A van belonging to the suspect arrested in the October 2018 series of mail bombings was created as part of a "false flag" plot.
On 26 October 2018, a 56-year-old Florida resident named Cesar Sayoc was arrested on suspicion of having mailed a series of explosive devices to Democratic officials and other critics of President Trump over the previous several days.
A post-arrest look into Sayoc’s background quickly revealed that he appeared to be an ardent supporter of President Donald Trump, having attended at least two Trump rallies in Florida and driving a van whose windows were festooned with pro-Trump stickers:
Even before Sayoc’s arrest, Trump supporters and assorted conspiracy buffs had already been pushing a theory that the mail bombs “were not actually part of a plot to harm Democrats, but were a ‘false flag’ operation concocted by leftists in order to paint conservatives as violent radicals ahead of the [midterm] elections”:
A range of high-profile conservatives have embraced a conspiracy theory that mail bombs sent to liberal public figures are a “false flag” attack by leftwingers. Many have also claimed that the attacks are intended to elicit sympathy for Democrats ahead of the looming midterm elections.
Authorities are yet to identify a suspect or motive in the bombings, which have seen 12 pipe bombs sent to a range of figures from former president Barack Obama to Bill and Hillary Clinton to financier George Soros and even to the out-spoken actor Robert De Niro. All the suspects have one thing in common: they have been targets of Donald Trump’s ire.
Nevertheless, without evidence, a number of ostensibly mainstream conservatives joined more overtly conspiracist outlets in either expressing skepticism that conservatives would damage their own cause, or making outright accusations that the left are orchestrating the bombing campaign in order to sabotage Republicans.
Not dissuaded by the evidence when a suspect was finally taken into custody, the conspiracy theorists quickly disclaimed evidence such as Sayoc’s van, maintaining that it was too obviously “staged”:
The “staged van” claim had a fatal flaw to it, though: south Florida residents had been spotting and photographing Sayoc’s unusual van with its collection of pro-Trump stickers for up to a year before his arrest.
The Fort Lauderdale Sun-Sentinel, for example, reported on the many locals who had observed Sayoc and his prominent vehicle around town long before the wave of mail bombings and his subsequent arrest:
From Aventura to Hollywood to Davie and farther, people have gawked and photographed the oddball vehicle for some time.
“I saw this van dozens of times. It always struck me, always unsettled me. It appeared that somebody at times was in the van, though it was hard to tell because of the windows,” said David Cypkin, a documentary film producer who co-produced 2006’s “Cocaine Cowboys.”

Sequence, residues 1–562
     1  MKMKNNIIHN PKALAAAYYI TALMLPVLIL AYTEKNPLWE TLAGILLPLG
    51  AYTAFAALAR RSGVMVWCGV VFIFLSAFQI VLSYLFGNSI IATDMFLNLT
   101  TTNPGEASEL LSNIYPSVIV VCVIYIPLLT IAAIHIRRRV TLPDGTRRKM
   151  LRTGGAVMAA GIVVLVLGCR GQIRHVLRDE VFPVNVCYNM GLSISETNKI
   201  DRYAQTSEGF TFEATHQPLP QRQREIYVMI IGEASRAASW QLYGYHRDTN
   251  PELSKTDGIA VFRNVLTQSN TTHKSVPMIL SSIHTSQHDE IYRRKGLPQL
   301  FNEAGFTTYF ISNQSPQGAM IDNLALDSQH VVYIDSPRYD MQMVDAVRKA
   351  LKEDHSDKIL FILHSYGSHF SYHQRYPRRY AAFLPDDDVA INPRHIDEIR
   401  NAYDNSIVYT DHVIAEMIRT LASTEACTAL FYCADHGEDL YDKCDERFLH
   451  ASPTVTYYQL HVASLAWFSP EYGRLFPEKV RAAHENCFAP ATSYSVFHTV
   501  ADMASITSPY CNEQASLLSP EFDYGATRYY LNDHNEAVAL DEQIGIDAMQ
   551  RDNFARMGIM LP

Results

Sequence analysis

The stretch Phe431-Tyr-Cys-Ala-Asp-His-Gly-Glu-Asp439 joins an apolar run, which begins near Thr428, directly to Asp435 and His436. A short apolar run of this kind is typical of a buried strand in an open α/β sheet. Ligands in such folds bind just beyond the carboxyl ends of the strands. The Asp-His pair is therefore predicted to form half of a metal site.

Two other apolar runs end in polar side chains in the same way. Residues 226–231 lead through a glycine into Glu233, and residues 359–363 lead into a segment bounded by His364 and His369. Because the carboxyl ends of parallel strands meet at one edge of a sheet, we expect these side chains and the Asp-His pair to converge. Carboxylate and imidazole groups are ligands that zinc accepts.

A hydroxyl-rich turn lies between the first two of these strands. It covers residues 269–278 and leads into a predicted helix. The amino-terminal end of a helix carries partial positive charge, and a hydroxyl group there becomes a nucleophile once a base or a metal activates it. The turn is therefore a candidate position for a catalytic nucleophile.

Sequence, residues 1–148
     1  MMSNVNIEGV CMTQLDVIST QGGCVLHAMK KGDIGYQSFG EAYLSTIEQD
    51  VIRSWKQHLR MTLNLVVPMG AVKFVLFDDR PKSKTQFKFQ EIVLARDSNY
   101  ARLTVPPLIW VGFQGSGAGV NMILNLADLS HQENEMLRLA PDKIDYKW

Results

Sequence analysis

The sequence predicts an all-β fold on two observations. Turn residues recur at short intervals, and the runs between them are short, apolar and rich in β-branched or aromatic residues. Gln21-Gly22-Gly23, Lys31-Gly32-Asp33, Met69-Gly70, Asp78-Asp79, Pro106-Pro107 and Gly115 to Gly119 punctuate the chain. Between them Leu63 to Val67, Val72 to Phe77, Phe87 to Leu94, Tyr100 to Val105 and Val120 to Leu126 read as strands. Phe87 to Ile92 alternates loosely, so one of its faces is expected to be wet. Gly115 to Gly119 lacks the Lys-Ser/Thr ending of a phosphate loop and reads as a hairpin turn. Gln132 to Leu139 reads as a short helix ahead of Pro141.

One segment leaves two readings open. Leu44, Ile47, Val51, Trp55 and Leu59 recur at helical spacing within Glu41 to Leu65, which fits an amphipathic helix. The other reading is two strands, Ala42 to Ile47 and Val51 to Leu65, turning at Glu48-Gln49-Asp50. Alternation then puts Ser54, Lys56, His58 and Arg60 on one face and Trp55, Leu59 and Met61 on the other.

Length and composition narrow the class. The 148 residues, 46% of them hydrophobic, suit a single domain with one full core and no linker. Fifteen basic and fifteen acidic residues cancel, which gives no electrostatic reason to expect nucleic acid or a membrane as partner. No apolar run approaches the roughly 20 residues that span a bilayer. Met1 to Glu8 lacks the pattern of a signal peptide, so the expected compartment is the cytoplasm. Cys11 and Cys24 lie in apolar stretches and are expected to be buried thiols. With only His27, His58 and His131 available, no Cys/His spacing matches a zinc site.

“This is also Miami and you don’t know — this guy’s an enthusiastic Trump supporter, that’s one thing, but the number of stickers he had on his car combined with some of the more threatening stickers seemed to indicate this might be a person with a problem you don’t want to confront directly, especially in Miami, where you don’t know if anybody’s armed.”
Cypkin encountered the van regularly when he lived near the Shoppes at the Waterways in Aventura, where it was regularly parked. Cypkin believed someone could be living in the van, and finally, on the morning of New Year’s Eve 2017, he snapped a few quick pictures so he could get a better look at some of the stickers later.
“I had seen it there at least a year,” Cypkin said. “I did see someone standing at the back one time, with one of the back doors open. I didn’t make eye contact.”
In Davie, people frequently saw the van outside Whole Foods, and Geo Rodriguez, a former South Florida Sun Sentinel reporter, came across it in front of Papa John’s pizza in Hollywood.
On April 6, he stepped outside a 7-11 and saw the van, parked on the swale next to Hollywood Boulevard, in front of the Papa John’s. Several readers said they have seen the van delivering pizza.
I’ve seen him off and on. You can tell he’s from around here,” Rodriguez said. “I see him at the Publix here in Hollywood all the time. He’s kind of like a fixture.”
In fact, as exemplified by the following Vice article excerpt, some commenters began debating after Sayoc’s arrest whether his van shouldn’t have been called to the attention of law enforcement authorities well before he allegedly began sending explosive devices through the mail:
After media outlets broadcast images of Sayoc’s ride being impounded by FBI agents, Miami locals began posting photos of the van taken as far back as last winter …
But even as the inflammatory rhetoric on the windows of Sayoc’s van attracted the curiosity of nervous onlookers, conversations with federal law enforcement and free speech experts suggested the decals and the messaging alone likely did not represent actionable criminal conduct. In other words, despite hate crimes being on the rise and the majority of extremist violence being carried out by right-wing white supremacists, a violence-adorned MAGA van is almost certainly just that: a vehicle some Americans might find objectionable.
“You can’t do anything about the stickers and the decals,” Chris Quick, a former FBI joint terrorism task force agent, told me. “That is free speech. It doesn’t matter if it was one or 20 stickers.”
None of this is likely to dissuade the faithful, however, as conspiracy theorists tend to pick and choose their evidence while ignoring substantive proof that contradicts their claims. In this case, any conspiracy adherent would have to believe the far-fetched notion that Sayoc was engaged to attend Republican political rallies and drive (and possibly live in) in a van prominently marked with political stickers for a year or more in order to set up a “false flag” plot that wouldn’t play out until long afterwards.